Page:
Once upon a time, in a faraway land known as 1985, just 18 of 2,500 children’s books—less than 1 percent—featured an African American’s name on the cover.
Over the next 29 years, books by a Black author or illustrator never eclipsed 3.5 percent of annual publications, according to the Cooperative Children’s Book Center (CCBC). By 2019, the total stood at 6 percent.
Diversity in children’s books is no longer a unicorn (13 books about which were published in 2019), but it’s still far from the norm.
Based at the University of Wisconsin–Madison, CCBC reports that 83 percent of the 3,717 picture books, early readers, and chapter books (excluding nonfiction) published in 2019 were penned by white authors. And in the words of Mark Twain, they wrote what they know, with 42 percent of books centered on a Caucasian character. More books featured an animal protagonist than Black, Latinx, Jewish, Hindu, and Muslim characters—combined.
“I can name at least three books about narwhals,” quips Annie Lyon, CAS/MA ’03. But biodiversity isn’t the problem, says the head librarian at the Langley School in McLean, Virginia.
“Books help normalize diversity for children and better equip them for life, so when they encounter a situation that’s different from their own—whether it’s a classmate with same-sex parents, a transgender classmate, or a deaf classmate—they’ll be able to navigate that situation with kindness, understanding, and empathy,” says Lyon, who worked at the DC Public Library for seven years before joining the private school in 2020. “Books show kids that outside their little bubble is a wonderful, diverse world.”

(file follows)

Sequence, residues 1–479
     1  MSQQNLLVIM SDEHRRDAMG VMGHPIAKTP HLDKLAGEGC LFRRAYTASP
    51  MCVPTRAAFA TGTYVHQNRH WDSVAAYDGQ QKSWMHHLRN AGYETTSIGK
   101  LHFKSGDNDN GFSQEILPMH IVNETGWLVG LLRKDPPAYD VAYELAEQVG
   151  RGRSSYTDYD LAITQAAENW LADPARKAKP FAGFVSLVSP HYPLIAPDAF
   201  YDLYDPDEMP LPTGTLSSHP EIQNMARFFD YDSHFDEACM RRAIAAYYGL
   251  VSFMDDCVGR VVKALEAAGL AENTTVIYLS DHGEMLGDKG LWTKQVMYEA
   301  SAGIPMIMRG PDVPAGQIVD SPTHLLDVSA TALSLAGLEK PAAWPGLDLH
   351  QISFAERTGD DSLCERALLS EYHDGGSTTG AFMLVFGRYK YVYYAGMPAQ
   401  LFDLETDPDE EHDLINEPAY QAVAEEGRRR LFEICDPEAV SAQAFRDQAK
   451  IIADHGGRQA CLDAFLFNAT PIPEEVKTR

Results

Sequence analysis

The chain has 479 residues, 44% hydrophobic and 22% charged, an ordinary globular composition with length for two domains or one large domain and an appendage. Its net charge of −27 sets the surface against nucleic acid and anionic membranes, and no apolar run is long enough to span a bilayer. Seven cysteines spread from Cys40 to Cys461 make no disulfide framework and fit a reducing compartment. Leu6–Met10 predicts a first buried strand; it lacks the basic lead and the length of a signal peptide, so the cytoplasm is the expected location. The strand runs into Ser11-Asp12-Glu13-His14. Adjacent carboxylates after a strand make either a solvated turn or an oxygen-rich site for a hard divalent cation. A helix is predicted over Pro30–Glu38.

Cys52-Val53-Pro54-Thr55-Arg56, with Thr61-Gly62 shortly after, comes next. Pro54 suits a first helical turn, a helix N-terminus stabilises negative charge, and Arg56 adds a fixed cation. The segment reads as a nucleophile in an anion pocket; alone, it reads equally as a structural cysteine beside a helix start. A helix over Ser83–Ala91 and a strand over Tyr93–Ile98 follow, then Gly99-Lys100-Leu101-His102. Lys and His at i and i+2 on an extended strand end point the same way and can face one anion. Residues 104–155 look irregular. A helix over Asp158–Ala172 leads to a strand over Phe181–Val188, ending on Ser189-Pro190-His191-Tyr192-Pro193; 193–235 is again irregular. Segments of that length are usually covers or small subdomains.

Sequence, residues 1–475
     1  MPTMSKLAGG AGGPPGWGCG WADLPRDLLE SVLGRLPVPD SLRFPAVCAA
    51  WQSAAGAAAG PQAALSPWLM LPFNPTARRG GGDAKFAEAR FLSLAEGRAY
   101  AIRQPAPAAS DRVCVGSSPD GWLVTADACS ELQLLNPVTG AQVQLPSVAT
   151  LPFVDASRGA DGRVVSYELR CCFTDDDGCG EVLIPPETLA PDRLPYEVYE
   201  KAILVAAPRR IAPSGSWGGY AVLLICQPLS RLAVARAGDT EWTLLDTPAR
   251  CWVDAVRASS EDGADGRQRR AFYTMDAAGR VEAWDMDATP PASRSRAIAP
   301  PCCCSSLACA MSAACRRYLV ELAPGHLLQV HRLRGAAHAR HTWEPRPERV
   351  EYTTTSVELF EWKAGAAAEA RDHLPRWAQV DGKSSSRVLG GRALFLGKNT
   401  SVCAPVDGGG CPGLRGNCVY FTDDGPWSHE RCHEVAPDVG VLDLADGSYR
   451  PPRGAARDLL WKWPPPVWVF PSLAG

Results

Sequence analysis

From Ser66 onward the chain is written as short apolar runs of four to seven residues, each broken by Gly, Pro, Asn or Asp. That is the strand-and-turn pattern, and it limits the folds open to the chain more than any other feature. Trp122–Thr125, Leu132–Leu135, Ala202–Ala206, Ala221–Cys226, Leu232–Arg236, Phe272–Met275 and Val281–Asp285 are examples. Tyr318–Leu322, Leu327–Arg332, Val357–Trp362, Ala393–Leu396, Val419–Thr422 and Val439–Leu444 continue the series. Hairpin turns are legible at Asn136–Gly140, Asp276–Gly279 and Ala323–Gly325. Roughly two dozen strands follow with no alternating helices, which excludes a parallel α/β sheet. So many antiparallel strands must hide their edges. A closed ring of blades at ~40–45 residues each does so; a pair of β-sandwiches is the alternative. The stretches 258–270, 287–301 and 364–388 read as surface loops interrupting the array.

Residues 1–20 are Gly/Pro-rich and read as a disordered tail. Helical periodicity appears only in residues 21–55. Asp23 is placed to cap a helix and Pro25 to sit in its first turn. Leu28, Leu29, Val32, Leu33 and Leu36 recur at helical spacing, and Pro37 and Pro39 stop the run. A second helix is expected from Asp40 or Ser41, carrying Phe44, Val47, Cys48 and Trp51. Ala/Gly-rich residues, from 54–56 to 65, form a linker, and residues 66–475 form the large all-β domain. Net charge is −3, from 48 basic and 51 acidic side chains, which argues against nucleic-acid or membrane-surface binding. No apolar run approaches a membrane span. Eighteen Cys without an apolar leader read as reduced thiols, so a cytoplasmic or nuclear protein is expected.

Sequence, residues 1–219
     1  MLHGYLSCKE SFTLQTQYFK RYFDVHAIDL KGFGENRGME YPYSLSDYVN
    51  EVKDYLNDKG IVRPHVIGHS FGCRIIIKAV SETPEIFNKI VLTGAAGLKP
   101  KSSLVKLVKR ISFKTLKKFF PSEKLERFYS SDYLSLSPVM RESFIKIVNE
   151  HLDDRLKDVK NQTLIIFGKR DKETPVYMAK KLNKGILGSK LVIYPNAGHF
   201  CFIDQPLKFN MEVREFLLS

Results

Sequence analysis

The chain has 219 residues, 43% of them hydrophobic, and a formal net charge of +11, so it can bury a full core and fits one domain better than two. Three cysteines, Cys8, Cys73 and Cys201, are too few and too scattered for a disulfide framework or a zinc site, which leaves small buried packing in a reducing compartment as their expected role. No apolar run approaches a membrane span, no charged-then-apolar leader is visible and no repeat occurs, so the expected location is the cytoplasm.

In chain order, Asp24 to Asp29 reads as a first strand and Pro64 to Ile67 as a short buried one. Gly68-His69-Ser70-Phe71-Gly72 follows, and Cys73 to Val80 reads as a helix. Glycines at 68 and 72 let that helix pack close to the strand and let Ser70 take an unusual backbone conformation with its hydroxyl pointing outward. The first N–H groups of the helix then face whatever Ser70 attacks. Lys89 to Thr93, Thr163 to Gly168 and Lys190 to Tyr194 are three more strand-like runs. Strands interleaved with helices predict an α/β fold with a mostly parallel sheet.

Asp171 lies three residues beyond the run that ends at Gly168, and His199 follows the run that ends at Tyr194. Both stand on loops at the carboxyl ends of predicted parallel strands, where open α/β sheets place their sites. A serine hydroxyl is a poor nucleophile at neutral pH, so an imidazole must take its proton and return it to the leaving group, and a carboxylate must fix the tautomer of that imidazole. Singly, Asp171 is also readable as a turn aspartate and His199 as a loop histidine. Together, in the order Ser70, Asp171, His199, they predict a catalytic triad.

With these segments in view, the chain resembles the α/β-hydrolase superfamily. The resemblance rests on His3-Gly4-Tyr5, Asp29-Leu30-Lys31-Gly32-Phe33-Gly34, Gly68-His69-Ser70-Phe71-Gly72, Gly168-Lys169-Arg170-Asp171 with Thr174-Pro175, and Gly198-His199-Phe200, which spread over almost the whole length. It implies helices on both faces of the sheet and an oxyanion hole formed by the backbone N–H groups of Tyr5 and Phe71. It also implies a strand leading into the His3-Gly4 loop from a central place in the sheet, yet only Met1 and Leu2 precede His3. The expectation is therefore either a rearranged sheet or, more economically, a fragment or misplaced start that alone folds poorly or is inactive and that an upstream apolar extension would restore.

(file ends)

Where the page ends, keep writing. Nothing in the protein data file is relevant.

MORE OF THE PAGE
And to access that world, we need only crack a window.
In 1990, Ohio State professor Rudine Sims Bishop wrote an essay that continues to serve as a north star for educators, researchers, authors, and librarians. “Books,” she opined, “are sometimes windows, offering views of worlds that may be real or imagined, familiar or strange.”
But in the right light, a window becomes a mirror.
“Literature transforms human experience and reflects it back to us,” Bishop continued, “and in that reflection we can see our own lives and experiences as part of the larger human experience.”
Take poet Jordan Scott’s I Talk Like a River, which gives voice to the 3 million Americans who stutter, including 5 to 10 percent of children. Both a mirror and a window, the 2020 picture book opens with a boy standing before the latter, taking an inventory of everything he sees.